British allotments’ history

argylesock says… Here’s a good summary of how we came to have allotments in Britain, and what they mean to us now. My current allotment (one of several I’ve had) is a lifeline to me.

Dear Kitty. Some blog

This video from Britain says about itself:

The English Enclosures

July 19, 2011

The devastating enclosures of the English commons forced peasants into the labour market and the factories of the industrial revolution. This video explains how and why.

By Nick Matthews in Britain:

Oases of contemplation, exercise and recreation

Wednesday 15 May 2013

I was delighted when the National Society of Allotment and Leisure Gardeners joined Co-ops UK.

It has been around since 1901, and as a bona-fide Industrial and Provident Society has long been a co-operative.

Allotments hold a special place in working-class culture. While there is no typical allotment holder or allotment site, nonetheless they have produced an instantly recognisable landscape.

Interestingly, in their seminal book The Allotment, Its Landscape and Culture – now sadly out of print – David Crouch and Colin Ward argue that the allotment began as a moral project that promoted…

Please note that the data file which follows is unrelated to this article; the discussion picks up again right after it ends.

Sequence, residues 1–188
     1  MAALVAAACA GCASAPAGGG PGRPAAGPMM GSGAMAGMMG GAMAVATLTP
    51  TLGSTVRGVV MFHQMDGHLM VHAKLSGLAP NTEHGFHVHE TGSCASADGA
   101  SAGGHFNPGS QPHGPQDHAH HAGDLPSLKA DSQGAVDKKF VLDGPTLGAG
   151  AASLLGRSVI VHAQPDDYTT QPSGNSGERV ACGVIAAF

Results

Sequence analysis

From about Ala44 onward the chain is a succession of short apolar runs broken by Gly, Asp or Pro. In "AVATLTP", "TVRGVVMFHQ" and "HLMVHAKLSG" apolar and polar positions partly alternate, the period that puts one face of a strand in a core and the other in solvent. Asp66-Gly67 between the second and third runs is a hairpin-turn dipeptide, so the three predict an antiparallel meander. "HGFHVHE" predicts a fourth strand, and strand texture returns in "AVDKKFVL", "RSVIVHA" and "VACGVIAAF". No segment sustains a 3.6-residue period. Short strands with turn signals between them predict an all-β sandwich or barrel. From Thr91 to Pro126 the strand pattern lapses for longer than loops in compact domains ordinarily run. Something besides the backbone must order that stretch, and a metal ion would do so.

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About argylesock

I wrote a PhD about veterinary parasitology so that's the starting point for this blog. But I'm now branching out into other areas of biology and into popular science writing. I'll write here about science that happens in landscapes, particularly farmland, and about science involving interspecific interactions. Datasets and statistics get my attention. Exactly where this blog will lead? That's a journey that I'm on and I hope you'll come with me.
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2 Responses to British allotments’ history

  1. Finn says:

    Fascinating stuff Sam. This lead to a bit of research into imperial units because my English grandfather had an allotment which was measured in ‘poles’ – can’t remember how many – but the imperial units are so much more interesting than the metric ones 🙂

    • argylesock says:

      Belated response… I think our plots are marked out in poles. The site I garden on has been allotments for quite a long time. I’m not sure how long, but we plotholders keep finding Victorian bottles and pottery. My neighbour, a Professor of agricultural history, says that these are clear signs of the field having been fertilised with night soil.

      None of the other plotholders are old enough to remember the Victorian era, but some of them look as though they almost are so! Certainly old enough to remember the good old days, and not to accept any newfangled nonsense like re-measuring the plots. It suits me in fact. I use metric measurement in the lab, of course, but I space my crops in feet and inches.

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